"labels": [
        {
          "id": 0,
          "name": "brown",
          "language": "en-US",
          "instances": [
            {
              "confidence": 0.9379,
              "adjustedStart": "0:00:00",
              "adjustedEnd": "0:00:13.413",
              "start": "0:00:00",
              "end": "0:00:13.413",
              "duration": "0:00:13.413"
            }
          ]
        },
        {
          "id": 1,
          "name": "dog",
          "language": "en-US",
          "instances": [
            {
              "confidence": 1,
              "adjustedStart": "0:00:00",
              "adjustedEnd": "0:00:13.413",
              "start": "0:00:00",
              "end": "0:00:13.413",
              "duration": "0:00:13.413"
            }
          ]
        },
        {
    ...
}

The information includes the automatic tagging and categorization information identified by the Microsoft Azure Video Indexer add-on. As can be seen in the example snippet above, various labels (tags) were automatically detected in the uploaded video. Each label is listed together with other information including the start and end times of the relevant video segment. The confidence score is a numerical value that represents the confidence level of the detected label, where 1.0 means 100% confidence.

Note
The entire JSON response from Microsoft is included: for detailed information on the response structure see the Microsoft Video Indexer output.

Automatically adding tags to videos

Automatically categorizing your videos is a useful way to organize your Cloudinary media library. By providing the auto_tagging parameter in an upload or update call for any video where azure_video_indexer was run, the video is automatically assigned tags based on the detected scene labels, brands and celebrity faces. The value of the auto_tagging parameter is the minimum confidence score to be automatically used as an assigned resource tag. Assigning these resource tags allows you to list and search videos in your media library using Cloudinary's API or Web interface.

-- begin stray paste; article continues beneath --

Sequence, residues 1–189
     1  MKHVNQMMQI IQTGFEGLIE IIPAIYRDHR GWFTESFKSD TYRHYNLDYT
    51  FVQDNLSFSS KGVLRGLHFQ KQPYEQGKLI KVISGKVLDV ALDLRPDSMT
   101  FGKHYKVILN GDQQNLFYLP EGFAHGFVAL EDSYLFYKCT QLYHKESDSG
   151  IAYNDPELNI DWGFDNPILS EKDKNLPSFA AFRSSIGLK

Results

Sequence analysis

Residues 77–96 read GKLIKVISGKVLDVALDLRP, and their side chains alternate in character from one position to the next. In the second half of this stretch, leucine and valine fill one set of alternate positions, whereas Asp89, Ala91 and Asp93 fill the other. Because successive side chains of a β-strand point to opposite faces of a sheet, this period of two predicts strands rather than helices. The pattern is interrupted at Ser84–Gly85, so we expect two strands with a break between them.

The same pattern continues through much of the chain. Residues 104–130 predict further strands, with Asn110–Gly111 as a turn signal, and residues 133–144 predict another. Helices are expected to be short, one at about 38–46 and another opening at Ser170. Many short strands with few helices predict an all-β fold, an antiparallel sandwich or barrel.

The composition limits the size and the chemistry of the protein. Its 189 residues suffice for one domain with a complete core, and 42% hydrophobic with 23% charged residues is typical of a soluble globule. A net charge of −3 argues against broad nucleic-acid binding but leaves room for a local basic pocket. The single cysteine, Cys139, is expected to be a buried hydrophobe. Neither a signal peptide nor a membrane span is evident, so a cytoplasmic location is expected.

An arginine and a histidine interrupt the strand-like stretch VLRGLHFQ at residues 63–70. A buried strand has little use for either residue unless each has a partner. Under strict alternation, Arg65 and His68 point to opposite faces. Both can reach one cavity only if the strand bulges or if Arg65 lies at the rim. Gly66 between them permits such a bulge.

The following code example automatically tags an uploaded video with all detected scene labels, brands and celebrity faces that have a confidence score higher than 0.6.

Ruby:
Cloudinary::Uploader.upload("jack.mp4", 
  :resource_type => :video, 
  :categorization => "azure_video_indexer", 
  :auto_tagging => 0.6)
PHP:
\Cloudinary\Uploader::upload("jack.mp4", 
  array(
    "resource_type" => "video",
    "categorization" => "azure_video_indexer", 
    "auto_tagging" => 0.6));
Python:
cloudinary.uploader.upload("jack.mp4",
  resource_type = "video",
  categorization = "azure_video_indexer", 
  auto_tagging = 0.6)
Node.js:
cloudinary.v2.uploader.upload("jack.mp4", 
  { resource_type: "video", 
    categorization: "azure_video_indexer", 
    auto_tagging: 0.6 },
  function(error, result) {console.log(result, error) });
Java:
cloudinary.uploader().upload("jack.mp4", 
  ObjectUtils.asMap(
    "resource_type", "video", 
    "categorization", "azure_video_indexer", 
    "auto_tagging", "0.6"));
.Net:
var uploadParams = new VideoUploadParams() 
{
  File = new FileDescription(@"jack.mp4"),
  Categorization = "azure_video_indexer",
  AutoTagging = 0.6
};
var uploadResult = cloudinary.Upload(uploadParams);

The response of the upload call above returns the detected categorization as well as automatically assigning tags. In this case:

{ 
  ...    
  "tags": [ "brown", "dog", "grass", "looking", "sitting", "animal", "white", "mammal" ]   
  ...

Tagging uploaded videos

You can also use the update method to apply auto tagging to already uploaded videos, based on their public IDs, and then automatically tag them according to the detected categories.

For example, the following video was uploaded to Cloudinary with the 'horses' public ID:

Ruby:
cl_video_tag("horses")
PHP:
cl_video_tag("horses")
Python:
CloudinaryVideo("horses").video()
Node.js:
cloudinary.video("horses")
Java:
cloudinary.url().videoTag("horses");
JS:
cloudinary.videoTag('horses').toHtml();
jQuery:
$.cloudinary.video("horses")
React:
<Video publicId="horses" >

</Video>
Vue.js:
<cld-video publicId="horses" >

</cld-video>
Angular:
<cl-video public-id="horses" >

</cl-video>
.Net:
cloudinary.Api.UrlVideoUp.BuildVideoTag("horses")
Android:
MediaManager.get().url().resourceType("video").generate("horses.mp4");
iOS:
cloudinary.createUrl().setResourceType("video").generate("horses.mp4")

The following code sample uses Cloudinary's update method to apply automatic video tagging and categorization to the sample uploaded video, and then automatically assign resource tags based on the categories detected with over a 60% confidence level.

Ruby:
Cloudinary::Api.update("sample", 
   :resource_type => :video, 
   :categorization => "azure_video_indexer", 
   :auto_tagging => 0.6)
PHP:
\Cloudinary\Api::update("sample", 
  array(
    "resource_type" => "video",
    "categorization" => "azure_video_indexer", 
    "auto_tagging" => 0.6));
Python:
cloudinary.api.update("sample",
  resource_type = "video",
  categorization = "azure_video_indexer", 
  auto_tagging = 0.6)
Node.js:
cloudinary.v2.uploader.update("sample", 
  { resource_type: "video", 
    categorization: "azure_video_indexer", 
    auto_tagging: 0.4 },